Israel, Arab states coordinating anti-Iran efforts: Tel Aviv's UN envoy
Iran Press TV
Sun Sep 29, 2019 08:30AM
Israel's ambassador to the United Nations says the regime and various Arab countries have been working together at the UN and elsewhere against Iran.
In a phone interview with The Jerusalem Post published on Saturday, Danny Danon said Tel Aviv was planning a number of actions against Tehran at the UN, adding although Arab states were not co-sponsors, but there was "cooperation" between them.
Israel and several Arab countries, he said, were coordinating efforts to "reveal" what he called "the true face of the Iranians."
Israel has full diplomatic ties with only two Arab states, Egypt and Jordan, but latest reports suggest Tel Aviv is working behind the scenes to establish formal contacts with such countries as Saudi Arabia and Bahrain by trying to portray Iran as a common threat.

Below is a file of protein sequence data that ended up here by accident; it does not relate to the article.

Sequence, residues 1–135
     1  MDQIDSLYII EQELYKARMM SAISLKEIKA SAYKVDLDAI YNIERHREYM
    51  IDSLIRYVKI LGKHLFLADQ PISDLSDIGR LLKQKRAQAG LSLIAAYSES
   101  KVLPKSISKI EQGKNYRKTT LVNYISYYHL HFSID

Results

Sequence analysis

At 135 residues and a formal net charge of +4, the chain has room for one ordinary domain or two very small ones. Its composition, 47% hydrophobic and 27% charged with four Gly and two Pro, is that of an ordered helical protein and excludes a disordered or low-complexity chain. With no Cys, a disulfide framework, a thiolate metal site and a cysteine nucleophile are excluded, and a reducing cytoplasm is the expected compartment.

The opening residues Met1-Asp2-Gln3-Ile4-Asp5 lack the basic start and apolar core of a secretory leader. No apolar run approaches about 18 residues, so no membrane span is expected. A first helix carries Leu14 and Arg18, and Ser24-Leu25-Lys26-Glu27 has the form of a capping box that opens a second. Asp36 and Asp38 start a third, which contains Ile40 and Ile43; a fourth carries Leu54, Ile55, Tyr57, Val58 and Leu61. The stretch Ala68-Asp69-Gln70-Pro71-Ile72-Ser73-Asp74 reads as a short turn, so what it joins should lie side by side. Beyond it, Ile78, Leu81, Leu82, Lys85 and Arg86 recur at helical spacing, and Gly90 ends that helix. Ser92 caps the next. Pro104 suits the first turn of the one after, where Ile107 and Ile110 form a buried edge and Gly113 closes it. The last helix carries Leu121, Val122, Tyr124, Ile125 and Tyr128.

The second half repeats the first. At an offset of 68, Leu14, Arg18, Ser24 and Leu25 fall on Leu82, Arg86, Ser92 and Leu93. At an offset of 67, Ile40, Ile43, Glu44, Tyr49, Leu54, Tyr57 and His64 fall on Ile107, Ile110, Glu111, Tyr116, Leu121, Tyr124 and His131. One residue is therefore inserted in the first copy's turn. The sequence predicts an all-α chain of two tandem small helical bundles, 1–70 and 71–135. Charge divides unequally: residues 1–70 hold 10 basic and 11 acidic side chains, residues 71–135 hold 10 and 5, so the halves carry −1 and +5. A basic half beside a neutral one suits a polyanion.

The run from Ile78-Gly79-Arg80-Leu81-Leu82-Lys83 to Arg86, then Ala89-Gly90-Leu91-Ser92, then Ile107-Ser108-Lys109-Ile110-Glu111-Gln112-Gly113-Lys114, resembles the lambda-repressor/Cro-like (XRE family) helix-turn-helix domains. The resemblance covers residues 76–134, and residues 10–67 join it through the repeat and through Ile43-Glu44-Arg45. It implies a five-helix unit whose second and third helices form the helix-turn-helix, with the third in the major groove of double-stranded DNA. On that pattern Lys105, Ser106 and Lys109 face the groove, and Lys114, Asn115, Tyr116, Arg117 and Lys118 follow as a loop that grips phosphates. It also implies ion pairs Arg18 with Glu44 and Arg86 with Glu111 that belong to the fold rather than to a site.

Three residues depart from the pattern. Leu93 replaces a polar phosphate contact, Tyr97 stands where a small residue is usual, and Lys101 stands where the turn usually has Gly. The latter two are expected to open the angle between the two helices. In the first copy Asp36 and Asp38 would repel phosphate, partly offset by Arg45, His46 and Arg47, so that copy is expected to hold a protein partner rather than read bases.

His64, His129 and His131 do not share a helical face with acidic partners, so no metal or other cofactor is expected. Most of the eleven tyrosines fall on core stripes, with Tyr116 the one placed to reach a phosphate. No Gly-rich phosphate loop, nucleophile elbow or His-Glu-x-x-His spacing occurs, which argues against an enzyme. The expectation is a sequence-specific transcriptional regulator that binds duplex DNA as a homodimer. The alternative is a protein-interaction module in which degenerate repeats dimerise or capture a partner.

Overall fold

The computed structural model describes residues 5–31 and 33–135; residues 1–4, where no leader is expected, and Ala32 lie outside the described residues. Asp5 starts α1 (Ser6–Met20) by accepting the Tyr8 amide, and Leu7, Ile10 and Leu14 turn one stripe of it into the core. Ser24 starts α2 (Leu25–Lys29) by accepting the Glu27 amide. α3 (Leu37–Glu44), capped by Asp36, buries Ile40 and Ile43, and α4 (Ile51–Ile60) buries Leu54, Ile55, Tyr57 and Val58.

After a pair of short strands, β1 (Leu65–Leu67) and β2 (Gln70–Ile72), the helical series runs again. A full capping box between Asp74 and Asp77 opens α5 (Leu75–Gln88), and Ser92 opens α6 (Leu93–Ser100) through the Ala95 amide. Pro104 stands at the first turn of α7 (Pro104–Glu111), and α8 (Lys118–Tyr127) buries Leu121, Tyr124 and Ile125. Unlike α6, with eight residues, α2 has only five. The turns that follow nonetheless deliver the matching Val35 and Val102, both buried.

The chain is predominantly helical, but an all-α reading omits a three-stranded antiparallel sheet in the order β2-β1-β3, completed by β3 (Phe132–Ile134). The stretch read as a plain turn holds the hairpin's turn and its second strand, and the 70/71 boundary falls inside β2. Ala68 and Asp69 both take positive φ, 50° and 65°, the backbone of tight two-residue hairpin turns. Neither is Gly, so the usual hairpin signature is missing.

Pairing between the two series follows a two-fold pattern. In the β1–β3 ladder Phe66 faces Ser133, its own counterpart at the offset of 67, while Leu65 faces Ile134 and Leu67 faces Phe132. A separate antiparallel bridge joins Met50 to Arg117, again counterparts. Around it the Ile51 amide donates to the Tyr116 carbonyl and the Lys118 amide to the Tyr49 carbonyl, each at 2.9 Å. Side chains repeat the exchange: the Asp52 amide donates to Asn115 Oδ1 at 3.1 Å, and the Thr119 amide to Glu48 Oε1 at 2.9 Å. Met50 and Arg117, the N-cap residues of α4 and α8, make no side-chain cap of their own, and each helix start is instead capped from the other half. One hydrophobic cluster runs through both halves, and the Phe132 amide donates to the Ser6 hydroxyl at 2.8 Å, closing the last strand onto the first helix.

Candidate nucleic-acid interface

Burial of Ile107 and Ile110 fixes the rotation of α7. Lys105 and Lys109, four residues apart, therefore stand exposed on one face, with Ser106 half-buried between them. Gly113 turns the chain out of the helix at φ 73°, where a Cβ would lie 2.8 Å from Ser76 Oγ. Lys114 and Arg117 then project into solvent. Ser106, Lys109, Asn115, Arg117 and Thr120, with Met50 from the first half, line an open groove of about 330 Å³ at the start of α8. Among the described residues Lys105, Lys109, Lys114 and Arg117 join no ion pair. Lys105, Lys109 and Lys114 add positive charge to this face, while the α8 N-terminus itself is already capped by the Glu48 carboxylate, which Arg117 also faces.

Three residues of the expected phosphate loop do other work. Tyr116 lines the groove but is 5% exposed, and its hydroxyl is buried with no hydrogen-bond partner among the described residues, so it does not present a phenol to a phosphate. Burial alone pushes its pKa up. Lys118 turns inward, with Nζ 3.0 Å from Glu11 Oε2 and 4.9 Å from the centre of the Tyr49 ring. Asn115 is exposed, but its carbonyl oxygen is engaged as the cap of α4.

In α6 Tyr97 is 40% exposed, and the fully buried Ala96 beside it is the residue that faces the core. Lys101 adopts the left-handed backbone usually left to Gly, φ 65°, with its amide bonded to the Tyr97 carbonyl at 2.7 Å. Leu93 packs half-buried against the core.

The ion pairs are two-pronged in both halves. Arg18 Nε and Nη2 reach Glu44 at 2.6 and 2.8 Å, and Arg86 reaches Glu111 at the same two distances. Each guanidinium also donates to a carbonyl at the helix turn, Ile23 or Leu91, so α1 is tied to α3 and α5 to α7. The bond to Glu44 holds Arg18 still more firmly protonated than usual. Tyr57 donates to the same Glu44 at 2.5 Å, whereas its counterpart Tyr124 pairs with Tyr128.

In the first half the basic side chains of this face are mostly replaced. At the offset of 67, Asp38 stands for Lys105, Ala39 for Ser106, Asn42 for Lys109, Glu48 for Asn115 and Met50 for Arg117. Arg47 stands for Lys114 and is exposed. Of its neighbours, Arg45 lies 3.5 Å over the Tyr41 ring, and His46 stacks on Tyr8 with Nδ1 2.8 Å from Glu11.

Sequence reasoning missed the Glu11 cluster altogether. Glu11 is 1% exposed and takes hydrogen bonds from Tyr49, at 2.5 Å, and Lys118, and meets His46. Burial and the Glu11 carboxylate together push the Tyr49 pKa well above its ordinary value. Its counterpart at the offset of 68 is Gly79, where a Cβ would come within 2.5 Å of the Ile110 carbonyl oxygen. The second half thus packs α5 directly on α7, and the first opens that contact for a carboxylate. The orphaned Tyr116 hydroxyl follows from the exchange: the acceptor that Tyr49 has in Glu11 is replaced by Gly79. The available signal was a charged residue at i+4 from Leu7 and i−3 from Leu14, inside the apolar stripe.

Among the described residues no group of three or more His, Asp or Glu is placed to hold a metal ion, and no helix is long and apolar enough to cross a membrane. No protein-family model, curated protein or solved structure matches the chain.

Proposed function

Danon compared the Arab states' attitude towards Iran before the 2015 nuclear deal and that of the current time, where Washington's withdrawal from the accord in May 2018 and the Europeans' failure to fulfill their commitments under the agreement has left its fate in limbo.
Danon claimed the Arab countries were content to let Israel lead the battle against the Joint Comprehensive Plan of Action (JCPOA) prior to its signing, but they are now actively involved with Israel in conveying the message of the alleged Iranian threat.
He cited the participation of Saudi Arabia's Persian Gulf Affairs Minister Thamer al-Sabhan and UAE Ambassador to the US Yousef al-Otaiba, alongside Israel's US Ambassador Ron Dermer, in an anti-Iran summit in New York last Wednesday, as an instance of coordination between Tel Aviv and Arab countries.
Danon also claimed that recent raids by Yemeni forces against key Saudi oil facilities "made the Iranian threat much more real" for many Arab countries at the UN. "They are taking it much more seriously."
The Yemeni Houthi Ansarullah movement took credit for the September 14 air raids on two Aramco installations, saying they were a response to the Saudi-led war on their country.
However, Riyadh and Washington – the main sponsor of the war on Yemen – pointed the finger at Iran, without providing any evidence.
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